In 1921, architect Ernest Hébrard visited Vietnam to plan the development of Da Lat and started field research in Hanoi.
The spatial planning outline of Hanoi released by architect Ernest Hébrard in 1923 and the Hanoi space development plan by 2010 released in 1995
Two years later, he was appointed director of Indochina department of planning and architecture and published the spatial planning outline of Hanoi.
The Hanoi development plan focused only on developing the riverside southward, while the northern riverside was untouched. This was because the Red River was ‘gentle’ in the dry season but became aggressive in the flood season, which went beyond the technical capabilities at that time.
The big flood in 1926 directly threatened the inner city and only when the Lam Du dyke broke did the danger ease. The dykes around Hanoi have dammed up, creating a wall that splits streets and the riverbank.
In 1995, Hanoi released the space development outline to 2010, when the city celebrated the 1,000th anniversary of Thang Long – Hanoi's establishment.
However, Hanoians were still haunted by a big flood from upstream that occurred three years before, despite the existence of Da River hydropower dam. So Thang Long and Chuong Duong Bridges were then built later.
However, the city development still focused on the southern riverside.
In 1995-1998, foreign investors gave wings to the dream about a city on two riverbanks. The new city of Bac Song Hong suggested by Daewoo was larger than Hanoi’s inner city, which had been taking shape for 100 years.
To connect the two riverbanks, Hanoi designed six more bridges.
The city was expected to be enlarged by 2030 with the administrative boundary increasing by three times. The design of 15 bridges is in the new city development plan.
At the beginning of the second millennium, Hanoi had more bridges, Thanh Tri (2005), Vinh Tuy (2010) and Nhat Tan (2015). The riverbanks have become closer with a series of real estate projects developed.
But Hanoi also faces traffic congestion, river pollution, and garbage and air pollution. More seriously, the Red River is seeing its clean water storage space shrink due to people’s encroachment and water resources decline in volume and quality.
|In the past, the pump stations along Red River could get water if hydropower reservoirs just discharged 2.5 billion cubic meters of water. But now, even when 4.3-5.7 billion cubic meters of water is discharged, some stations still cannot get water. The water volume stored at reservoirs is small.|
Hydrological statistics show that the river water flow is decreasing. The upstream dams (including the Da River) are preventing alluvial sediment from going downstream. Water pollution from the watershed and localities has been identified by the Ministry of Natural Resources and Environment and the World Bank, but no solution has been found.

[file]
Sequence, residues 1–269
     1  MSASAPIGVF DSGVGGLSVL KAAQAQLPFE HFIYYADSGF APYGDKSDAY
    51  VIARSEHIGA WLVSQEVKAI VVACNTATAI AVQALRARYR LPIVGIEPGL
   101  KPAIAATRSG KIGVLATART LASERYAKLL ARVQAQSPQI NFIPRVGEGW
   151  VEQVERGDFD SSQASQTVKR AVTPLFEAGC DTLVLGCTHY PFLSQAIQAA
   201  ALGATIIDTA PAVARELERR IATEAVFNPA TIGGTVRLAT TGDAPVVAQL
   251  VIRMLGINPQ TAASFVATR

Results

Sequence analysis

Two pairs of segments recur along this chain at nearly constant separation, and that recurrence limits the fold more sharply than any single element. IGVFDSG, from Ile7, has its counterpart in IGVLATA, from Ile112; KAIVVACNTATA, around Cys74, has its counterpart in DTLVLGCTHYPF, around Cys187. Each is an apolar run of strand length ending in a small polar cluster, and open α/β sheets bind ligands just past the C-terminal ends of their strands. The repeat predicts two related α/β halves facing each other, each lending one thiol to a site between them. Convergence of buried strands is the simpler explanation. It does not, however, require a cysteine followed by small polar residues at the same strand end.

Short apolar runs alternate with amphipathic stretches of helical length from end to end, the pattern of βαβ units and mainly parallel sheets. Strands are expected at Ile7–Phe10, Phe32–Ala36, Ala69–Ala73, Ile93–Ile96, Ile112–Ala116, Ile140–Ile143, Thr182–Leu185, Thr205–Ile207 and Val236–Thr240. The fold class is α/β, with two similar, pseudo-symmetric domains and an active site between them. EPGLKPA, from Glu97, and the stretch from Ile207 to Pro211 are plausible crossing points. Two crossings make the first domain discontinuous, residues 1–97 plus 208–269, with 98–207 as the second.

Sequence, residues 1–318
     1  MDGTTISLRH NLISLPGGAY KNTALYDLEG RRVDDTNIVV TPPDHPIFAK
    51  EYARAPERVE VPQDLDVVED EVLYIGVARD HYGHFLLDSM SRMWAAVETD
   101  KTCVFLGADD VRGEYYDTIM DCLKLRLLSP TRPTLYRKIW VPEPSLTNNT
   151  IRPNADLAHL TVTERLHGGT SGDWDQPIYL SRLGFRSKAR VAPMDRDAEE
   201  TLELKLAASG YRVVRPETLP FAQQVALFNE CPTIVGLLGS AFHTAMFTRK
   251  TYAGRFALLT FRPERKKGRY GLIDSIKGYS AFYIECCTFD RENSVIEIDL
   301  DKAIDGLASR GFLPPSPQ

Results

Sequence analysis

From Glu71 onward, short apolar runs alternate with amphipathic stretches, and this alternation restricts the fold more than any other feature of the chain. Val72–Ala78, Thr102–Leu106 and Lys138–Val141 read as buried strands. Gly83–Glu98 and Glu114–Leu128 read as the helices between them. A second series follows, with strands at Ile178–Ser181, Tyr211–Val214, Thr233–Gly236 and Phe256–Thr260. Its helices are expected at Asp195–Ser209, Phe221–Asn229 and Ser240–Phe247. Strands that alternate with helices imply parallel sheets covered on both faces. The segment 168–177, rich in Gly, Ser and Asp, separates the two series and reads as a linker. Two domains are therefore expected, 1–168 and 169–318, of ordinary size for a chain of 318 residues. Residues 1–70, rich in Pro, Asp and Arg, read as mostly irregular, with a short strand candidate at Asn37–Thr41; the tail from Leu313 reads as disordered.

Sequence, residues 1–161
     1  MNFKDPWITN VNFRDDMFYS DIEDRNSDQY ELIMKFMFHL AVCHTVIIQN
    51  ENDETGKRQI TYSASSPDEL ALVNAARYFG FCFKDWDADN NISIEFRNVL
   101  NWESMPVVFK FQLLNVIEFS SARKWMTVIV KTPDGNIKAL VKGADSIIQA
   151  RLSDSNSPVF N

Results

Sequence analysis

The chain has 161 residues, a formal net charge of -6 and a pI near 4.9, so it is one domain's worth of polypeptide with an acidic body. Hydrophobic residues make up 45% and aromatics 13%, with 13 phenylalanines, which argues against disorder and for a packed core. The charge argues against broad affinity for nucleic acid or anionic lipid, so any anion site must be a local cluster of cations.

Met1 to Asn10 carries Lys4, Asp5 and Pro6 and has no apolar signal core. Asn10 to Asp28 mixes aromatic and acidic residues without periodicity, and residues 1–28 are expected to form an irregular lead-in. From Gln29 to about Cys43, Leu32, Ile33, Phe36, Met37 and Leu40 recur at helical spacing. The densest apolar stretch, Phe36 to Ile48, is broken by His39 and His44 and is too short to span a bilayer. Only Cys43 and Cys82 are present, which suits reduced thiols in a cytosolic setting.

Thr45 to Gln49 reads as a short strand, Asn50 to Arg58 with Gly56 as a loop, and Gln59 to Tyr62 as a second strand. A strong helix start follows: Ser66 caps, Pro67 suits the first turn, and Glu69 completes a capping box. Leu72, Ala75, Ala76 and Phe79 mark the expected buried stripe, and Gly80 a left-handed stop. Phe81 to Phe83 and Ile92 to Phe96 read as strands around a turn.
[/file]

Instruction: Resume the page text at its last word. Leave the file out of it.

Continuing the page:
While danger for floods is on the decrease, the risk of city inundation because of rain is on the rise. Not only Hanoi, but all 11 cities on the river suffer from inundation. The irrigation system has improved over the last 1,000 years but it has become ineffective.
According to the General Department of Irrigation under the Ministry of Agriculture and Rural Development, in the past, the pump stations along Red River could get water if hydropower reservoirs just discharged 2.5 billion cubic meters of water. But now, even when 4.3-5.7 billion cubic meters of water is discharged, some stations still cannot get water. The water volume stored at reservoirs is small.
The Red River has total water capacity of 118 billion cubic meters per annum, but 70 percent of the volume comes in flood season, while it lacks water in dry season. So, more water storage spaces are needed, including low-lying and semi-submerged areas.
Pierre Gourou, a French geographer, said the major floods in the early 20th century alone caused Tich and Day River valleys to flood.
A French irrigation expert built a Red River flood drainage corridor which served as a ‘water valve’ to save Hanoi, and a semi-submerged alluvial area for agriculture and fishery development.
Before merging with Hanoi, Ha Tay province had allocated tens of thousands of hectares to investors to develop real estate projects, thus posing challenges for Red River planning.
Red River solutions
Hanoi lies between rivers. The Song Me – Song Ca (the old name of the Red River, which means Mother River) created a prosperous Hanoi.
Hanoi, for the first time, doesn’t intend to build houses and sell land, but has placed as a top priority the task of ensuring enough water for the Red river in the dry season and safety in the flood season, using the ‘thuan thien’ (let things flow naturally) as the principle.
Tran Huy Anh
Hanoi Architects Association
It is expected that Hanoi authorities in June will approve and issue the Red River subdivision planning, which will help the capital city become more spacious and modern.
The tugging rituals and folk games were honored by UNESCO in 2015 as an intangible cultural heritage of humanity, a multi-national project of Vietnam, the Republic of Korea, Cambodia, and the Philippines.